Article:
Princeton Endowment’s 5.6% Gain Driven by Stocks, Private Equity
(Bloomberg) -- Princeton University’s endowment, a critical source of funding that covers more than half of the Ivy League school’s operations, returned 5.6% in the latest fiscal year.
Developed market equities was the best-performing asset class with a 24.6% gain, followed by private equity at 12.1%, Andrew Golden, president of the Princeton University Investment Co. since 1995, said Monday in an interview.
The fund, with an average annual return of 10.6% over the past decade, increased to $26.6 billion as of June 30, the university said in a statement.
The results, usually among the strongest in the eight-member Ivy League, were roughly in the middle of the pack for fiscal 2020. Brown University’s 12.1% return was the best, with Cornell University posting the lowest return at 1.9%.
Higher education institutions across the U.S. are grappling with sharp revenue declines as the Covid-19 pandemic curbs enrollment. They were hit hard with refunded room and board fees after clearing students from campuses in March. This semester, some colleges are holding classes entirely online.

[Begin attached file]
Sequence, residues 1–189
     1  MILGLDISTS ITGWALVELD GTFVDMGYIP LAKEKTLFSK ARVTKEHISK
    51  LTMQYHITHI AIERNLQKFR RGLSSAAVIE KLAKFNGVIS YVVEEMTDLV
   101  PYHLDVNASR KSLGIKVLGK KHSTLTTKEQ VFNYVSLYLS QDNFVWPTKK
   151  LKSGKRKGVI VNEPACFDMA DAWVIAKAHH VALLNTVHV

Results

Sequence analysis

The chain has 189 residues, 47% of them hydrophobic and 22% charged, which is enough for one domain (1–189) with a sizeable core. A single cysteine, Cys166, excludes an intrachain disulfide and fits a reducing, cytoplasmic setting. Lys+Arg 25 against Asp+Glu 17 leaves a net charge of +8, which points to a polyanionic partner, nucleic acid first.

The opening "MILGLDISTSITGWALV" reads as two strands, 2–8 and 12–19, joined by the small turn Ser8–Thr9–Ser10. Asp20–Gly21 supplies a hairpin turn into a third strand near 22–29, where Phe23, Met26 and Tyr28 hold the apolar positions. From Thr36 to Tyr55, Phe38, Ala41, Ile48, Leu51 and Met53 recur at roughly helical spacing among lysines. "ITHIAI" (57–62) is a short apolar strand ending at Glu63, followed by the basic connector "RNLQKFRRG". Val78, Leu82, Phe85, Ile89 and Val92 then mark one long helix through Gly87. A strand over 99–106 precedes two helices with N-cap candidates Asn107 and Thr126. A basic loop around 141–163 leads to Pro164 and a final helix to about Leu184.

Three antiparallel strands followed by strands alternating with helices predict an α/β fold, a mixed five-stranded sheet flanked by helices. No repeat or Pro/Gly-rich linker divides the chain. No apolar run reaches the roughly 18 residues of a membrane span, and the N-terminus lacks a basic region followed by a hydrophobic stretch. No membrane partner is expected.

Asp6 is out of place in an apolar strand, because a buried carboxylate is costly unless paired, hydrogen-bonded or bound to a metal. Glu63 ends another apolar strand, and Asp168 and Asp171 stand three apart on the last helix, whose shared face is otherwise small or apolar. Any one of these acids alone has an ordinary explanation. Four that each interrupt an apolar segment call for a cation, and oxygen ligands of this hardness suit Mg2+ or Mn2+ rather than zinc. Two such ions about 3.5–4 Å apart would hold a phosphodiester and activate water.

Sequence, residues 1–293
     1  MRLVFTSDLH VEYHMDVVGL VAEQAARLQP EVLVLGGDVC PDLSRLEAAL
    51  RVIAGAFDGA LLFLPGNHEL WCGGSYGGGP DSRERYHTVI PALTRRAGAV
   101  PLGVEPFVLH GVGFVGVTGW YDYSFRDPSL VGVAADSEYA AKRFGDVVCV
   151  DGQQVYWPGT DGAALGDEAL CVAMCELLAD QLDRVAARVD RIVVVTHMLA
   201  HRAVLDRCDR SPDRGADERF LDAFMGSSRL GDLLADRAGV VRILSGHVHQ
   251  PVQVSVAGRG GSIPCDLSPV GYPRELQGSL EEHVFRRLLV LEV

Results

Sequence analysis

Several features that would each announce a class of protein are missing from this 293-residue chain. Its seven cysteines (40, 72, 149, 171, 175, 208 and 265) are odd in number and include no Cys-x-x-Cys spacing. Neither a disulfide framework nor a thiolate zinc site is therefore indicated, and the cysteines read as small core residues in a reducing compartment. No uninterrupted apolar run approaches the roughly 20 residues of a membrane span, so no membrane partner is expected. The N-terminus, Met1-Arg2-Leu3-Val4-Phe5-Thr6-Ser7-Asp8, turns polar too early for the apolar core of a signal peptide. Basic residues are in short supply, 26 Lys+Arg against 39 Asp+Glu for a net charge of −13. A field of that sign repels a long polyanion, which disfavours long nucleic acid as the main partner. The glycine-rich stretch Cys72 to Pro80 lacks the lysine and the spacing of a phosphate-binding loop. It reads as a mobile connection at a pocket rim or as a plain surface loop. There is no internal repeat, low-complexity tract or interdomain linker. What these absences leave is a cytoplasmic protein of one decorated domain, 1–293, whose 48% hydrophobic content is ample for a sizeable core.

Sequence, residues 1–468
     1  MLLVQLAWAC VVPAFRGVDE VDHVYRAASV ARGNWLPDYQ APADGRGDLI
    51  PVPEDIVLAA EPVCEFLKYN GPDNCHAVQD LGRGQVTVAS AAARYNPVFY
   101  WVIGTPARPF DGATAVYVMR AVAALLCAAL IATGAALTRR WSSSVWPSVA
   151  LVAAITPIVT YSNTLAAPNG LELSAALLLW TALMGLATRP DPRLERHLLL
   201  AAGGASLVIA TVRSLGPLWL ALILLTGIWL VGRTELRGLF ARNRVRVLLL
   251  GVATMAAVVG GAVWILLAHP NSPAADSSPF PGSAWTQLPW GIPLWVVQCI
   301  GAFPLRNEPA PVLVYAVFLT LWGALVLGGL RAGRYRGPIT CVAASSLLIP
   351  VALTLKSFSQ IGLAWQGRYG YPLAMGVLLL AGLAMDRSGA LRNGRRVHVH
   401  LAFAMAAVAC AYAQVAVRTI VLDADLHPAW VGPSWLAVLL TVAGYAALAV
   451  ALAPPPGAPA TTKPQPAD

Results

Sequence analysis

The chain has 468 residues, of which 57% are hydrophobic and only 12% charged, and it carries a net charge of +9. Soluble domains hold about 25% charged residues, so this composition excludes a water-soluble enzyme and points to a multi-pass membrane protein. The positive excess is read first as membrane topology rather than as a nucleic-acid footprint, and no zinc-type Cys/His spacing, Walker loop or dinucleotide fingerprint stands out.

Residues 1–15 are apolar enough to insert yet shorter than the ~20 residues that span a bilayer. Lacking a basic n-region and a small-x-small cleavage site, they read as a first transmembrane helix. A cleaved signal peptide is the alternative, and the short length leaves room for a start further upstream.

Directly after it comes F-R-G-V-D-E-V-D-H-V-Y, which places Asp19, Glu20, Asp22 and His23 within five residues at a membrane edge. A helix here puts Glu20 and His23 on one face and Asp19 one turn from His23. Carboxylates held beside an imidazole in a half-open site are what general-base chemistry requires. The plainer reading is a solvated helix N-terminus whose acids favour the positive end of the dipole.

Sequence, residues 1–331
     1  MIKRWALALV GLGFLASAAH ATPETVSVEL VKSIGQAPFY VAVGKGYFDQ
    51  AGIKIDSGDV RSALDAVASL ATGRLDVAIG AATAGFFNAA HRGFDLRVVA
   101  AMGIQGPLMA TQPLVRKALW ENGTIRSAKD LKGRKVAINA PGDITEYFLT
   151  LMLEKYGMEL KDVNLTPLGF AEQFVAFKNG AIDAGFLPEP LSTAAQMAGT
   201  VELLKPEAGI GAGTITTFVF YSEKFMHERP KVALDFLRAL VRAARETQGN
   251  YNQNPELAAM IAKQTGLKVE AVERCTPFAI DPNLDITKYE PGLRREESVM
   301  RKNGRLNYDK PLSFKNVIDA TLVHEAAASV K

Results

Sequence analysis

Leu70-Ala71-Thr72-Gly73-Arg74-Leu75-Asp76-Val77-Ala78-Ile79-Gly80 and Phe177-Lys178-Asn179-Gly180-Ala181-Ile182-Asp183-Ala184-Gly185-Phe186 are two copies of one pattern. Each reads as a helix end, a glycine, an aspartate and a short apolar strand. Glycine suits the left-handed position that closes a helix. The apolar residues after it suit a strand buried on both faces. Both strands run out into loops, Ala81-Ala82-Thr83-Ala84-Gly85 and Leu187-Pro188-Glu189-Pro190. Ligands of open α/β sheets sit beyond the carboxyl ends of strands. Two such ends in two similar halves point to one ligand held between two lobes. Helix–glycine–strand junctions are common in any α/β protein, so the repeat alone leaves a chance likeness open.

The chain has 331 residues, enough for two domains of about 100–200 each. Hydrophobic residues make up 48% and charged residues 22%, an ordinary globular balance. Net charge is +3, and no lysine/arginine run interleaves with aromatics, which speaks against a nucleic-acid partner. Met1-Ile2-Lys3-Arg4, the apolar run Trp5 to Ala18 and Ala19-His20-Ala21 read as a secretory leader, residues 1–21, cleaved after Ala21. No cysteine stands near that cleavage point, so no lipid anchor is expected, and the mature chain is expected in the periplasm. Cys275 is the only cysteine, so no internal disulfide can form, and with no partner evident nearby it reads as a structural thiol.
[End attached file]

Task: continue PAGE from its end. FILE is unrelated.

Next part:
Princeton, which cut tuition by 10% for undergraduates this academic year, is especially dependent on the endowment as it funds more than 60% of the budget.
“Princeton has been fortunate to face the many financial challenges created by the Covid-19 pandemic from a strong budgetary position, thanks in part to an endowment that is the result of generations of generosity from alumni and friends,” Provost Deborah Prentice said in the statement.
U.S. endowments earned a median investment return of 2.6% in the latest fiscal year, the lowest since 2016, according to the Wilshire Trust Universe Comparison Service. The funds broadly trailed the S&P 500, which returned 7.5%. Endowments typically seek to earn 7% on average each year to fund university operations, such as professor salaries and financial aid, and account for inflation.
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